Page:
Similar to the PDCA cycle is the “OODA Loop”- observe, orient, decide, act. John Boyd, a F-86 Saber Pilot during the Korean War developed the OODA Loop. And as Dave Burke, retired Marine Fighter Pilot and Top Gun Instructor would teach, “Every single thing you do in your life, every decision you make, is an OODA Loop.”
Transparency, Inspection & Adaptation
The raw materials of empiricism are also fundamental to Agile. Long before Agile became avant-garde, Henry Ford asserted, “Failure is simply the opportunity to begin again, this time more intelligently.”
Agile is also about problem-solving that’s not constrained by conventional thinking and the delivery of value that pushes the edge of the envelope and creates competitive advantage. Sam Walton reflected, “I have always been driven to buck the system, to innovate, to take things beyond where they’ve been.”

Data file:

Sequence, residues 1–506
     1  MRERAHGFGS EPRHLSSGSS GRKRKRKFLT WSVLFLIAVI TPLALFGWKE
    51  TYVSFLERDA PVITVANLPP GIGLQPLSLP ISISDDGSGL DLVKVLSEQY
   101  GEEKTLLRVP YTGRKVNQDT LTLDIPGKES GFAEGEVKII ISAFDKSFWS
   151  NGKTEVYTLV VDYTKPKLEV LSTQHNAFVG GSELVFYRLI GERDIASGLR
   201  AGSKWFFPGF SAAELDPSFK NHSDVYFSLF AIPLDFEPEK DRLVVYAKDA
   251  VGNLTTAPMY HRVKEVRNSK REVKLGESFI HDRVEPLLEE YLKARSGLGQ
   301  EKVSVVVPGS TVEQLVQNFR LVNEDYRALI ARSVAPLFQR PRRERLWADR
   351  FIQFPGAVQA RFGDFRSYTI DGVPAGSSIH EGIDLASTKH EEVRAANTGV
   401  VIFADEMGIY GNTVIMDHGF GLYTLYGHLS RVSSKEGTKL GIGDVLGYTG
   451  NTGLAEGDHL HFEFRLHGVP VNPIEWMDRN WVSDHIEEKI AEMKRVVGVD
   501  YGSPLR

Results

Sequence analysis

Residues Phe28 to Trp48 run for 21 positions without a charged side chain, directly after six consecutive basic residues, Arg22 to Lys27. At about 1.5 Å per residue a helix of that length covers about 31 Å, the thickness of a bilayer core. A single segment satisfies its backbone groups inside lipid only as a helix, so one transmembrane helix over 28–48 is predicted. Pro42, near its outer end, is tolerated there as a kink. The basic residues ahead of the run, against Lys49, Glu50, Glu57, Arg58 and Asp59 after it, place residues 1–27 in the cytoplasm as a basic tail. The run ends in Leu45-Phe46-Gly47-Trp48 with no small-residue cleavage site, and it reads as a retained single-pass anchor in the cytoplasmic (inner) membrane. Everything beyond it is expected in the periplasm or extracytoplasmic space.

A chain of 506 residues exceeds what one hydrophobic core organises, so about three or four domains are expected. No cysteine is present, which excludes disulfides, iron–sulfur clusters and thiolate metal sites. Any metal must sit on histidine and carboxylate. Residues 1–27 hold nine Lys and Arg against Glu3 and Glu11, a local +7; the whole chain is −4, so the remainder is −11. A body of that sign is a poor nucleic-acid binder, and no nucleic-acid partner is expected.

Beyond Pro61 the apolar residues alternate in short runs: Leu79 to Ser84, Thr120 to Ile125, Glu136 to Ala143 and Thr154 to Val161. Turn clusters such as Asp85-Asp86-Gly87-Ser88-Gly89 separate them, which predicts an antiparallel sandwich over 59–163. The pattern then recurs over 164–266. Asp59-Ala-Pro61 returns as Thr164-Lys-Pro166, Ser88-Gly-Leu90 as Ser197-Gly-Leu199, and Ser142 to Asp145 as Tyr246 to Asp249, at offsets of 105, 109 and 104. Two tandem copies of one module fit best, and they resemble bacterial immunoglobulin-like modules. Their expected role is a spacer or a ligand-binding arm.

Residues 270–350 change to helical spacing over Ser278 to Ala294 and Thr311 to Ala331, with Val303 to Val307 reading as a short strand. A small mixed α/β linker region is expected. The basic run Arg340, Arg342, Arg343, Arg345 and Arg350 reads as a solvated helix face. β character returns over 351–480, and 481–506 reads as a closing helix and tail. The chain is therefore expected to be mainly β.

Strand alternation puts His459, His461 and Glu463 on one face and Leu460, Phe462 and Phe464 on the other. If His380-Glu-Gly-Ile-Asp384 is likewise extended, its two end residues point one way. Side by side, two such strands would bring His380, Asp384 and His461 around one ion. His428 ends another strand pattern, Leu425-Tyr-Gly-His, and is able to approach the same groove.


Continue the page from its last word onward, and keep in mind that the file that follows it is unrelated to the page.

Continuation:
Agile insists that at regular intervals, the team reflects on how to become more effective, then they must tune and adjust their behavior accordingly. Peter Drucker, affectionately known as the Yoda of Business Management asserted, “We now accept the fact that learning is a lifelong process of keeping abreast of change. And the most pressing task is to teach people how to learn.”
Welcoming the Change
Agile is all about welcoming the changing requirements, even late in the process. Agile processes harness change for the customer’s competitive advantage. Long before Agile came onto the scene:
- Jack Welch recognized the value and importance of the willingness to change in no uncertain terms: “Willingness to change is a strength, even if it means plunging part of the company into total confusion for a while.”